Assistant Professor
Department of Electrical and Computer Engineering

Telephone: (519) 661-2111 x88329
Fax: (519) 850-2436
B.A.Sc (Waterloo) 1988
M.A.Sc. (U. of Illinois @ Urbana/Champaign) 1991
Ph.D. (U. of Illinois @ Urbana/Champaign) 1996

DR. BROWN’s research interests lie in the general area of control theory. The main field of expertise is welding control, adaptive control, periodic disturbance cancellation and intermittent control. In addition Dr. Brown has interest in bioinformatics and modeling pf cellular signal transduction.

One major result, of Dr. Brown’s, in welding control is the realization that force, displacement and possibly cylinder air pressure during electrode contact provide a reliable way of detecting machine and part misalignment prior to the weld. It has been shown that these conditions significantly affect the appropriate choice of weld schedule. It is also possible that these signals can be used to dynamically detect weld electrode condition. Dr. Brown’s work in welding control has led to his serving on the Board of Directors of IRW, Inc. This was the automobile industry’s research consortium aimed at improving the state of the art for resistance spot welding. Up to 30% of spot welds made by the automobile industry are in excess of those required to meet structural integrity. If the industry could reduce the number of spot welds mad per year by 10%, the cost savings are estimated to be as high as 100 million dollars per year. The improved consistency of the welding process that can be delivered by dynamic detection of electrode and operating condition could make this a reality.

Intermittent Cancellation control is a control paradigm for canceling constant offsets and periodic disturbances via an open/closed loop strategy. This approach, for example, allows the benefits of integral control to be incorporated in a control strategy with out having to suffer the costs of the associated phase lag. In addition, Dr. Brown has shown the states of a simple internal model in IMC control strategies can be directly mapped to any error in the assumed frequency of a periodic disturbance. This error can be used to adaptively update the frequency in an internal model to generate superior adaptive notch filters and perfect periodic disturbance cancellation. The periodic control strategies being developed could find application for vibration cancellation in the semiconductor industry, for noise cancellation and in servo motor applications. An especially apt field for these algorithms is also in control algorithms for allowing read/write heads in disk drives to achieve greater precision in positioning. This is one of the requirements for continuing to achieve greater data densities.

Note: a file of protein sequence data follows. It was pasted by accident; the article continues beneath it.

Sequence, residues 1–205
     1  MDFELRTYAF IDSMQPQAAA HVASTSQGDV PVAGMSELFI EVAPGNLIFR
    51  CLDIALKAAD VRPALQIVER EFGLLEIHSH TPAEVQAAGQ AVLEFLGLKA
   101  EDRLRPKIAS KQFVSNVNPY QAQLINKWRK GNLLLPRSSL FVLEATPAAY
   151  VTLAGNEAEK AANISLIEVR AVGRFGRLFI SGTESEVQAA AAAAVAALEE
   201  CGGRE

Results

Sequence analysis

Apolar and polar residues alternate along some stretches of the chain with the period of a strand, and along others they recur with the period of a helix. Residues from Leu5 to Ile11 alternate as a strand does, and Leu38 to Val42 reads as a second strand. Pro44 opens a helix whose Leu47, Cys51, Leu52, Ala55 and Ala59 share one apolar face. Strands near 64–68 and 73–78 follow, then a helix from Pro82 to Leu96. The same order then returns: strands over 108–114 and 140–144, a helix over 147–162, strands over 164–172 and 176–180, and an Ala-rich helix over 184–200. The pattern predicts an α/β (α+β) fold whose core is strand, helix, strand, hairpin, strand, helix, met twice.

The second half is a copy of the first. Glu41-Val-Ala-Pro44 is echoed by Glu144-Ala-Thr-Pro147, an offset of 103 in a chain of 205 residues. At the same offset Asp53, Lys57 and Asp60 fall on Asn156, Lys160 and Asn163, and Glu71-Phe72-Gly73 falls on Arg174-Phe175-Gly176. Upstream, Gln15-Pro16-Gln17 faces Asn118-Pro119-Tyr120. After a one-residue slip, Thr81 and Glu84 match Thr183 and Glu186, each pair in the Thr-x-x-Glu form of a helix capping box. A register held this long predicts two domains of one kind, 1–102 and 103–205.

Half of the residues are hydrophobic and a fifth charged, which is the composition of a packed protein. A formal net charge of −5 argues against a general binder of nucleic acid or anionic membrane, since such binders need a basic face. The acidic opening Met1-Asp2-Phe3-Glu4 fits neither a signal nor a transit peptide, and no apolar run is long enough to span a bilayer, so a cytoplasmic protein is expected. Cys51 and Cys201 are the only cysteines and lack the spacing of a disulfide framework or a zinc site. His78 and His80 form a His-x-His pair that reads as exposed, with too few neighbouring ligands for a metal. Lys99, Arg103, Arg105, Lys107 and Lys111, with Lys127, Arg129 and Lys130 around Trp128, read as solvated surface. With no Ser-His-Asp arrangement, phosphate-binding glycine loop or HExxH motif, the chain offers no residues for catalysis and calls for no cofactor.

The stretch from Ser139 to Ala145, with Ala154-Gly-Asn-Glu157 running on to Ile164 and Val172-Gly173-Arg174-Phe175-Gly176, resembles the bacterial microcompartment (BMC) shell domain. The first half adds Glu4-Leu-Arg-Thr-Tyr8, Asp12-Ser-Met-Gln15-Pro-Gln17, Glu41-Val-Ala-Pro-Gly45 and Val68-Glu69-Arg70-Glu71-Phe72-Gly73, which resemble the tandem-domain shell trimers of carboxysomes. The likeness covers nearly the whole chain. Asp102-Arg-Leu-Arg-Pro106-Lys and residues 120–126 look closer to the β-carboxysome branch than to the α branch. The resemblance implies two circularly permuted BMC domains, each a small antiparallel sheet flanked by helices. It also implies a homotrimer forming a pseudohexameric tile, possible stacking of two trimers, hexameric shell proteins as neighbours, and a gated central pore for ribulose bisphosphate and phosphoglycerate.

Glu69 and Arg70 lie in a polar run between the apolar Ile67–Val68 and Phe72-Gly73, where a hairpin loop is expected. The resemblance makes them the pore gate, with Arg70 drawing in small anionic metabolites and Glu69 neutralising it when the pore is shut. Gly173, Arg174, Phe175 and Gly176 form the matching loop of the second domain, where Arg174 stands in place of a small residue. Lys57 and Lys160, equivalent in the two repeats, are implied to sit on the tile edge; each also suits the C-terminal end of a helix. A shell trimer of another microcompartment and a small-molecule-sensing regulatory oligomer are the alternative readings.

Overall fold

The success of the human genome project is a milestone in human history. However, simply cataloging the human genome does not lead directly to new understanding. Dr. Brown has been working on methods and tools for deriving insight for genomic and proteomic data. Dr. Brown’s main approach involves dynamic models of signal transduction pathways. The components of these pathways are believed to represent over half of the human genome, and are vitally involved in critical issues such as cancer, pain, metabolism, etc. In addition Dr. Brown is developing visualization and analysis tools for developing insight of the high throughput data now becoming available to biologists.

KEYWORDS: Welding control, adaptive control, periodic disturbance cancellation, bioinformatics, signal transduction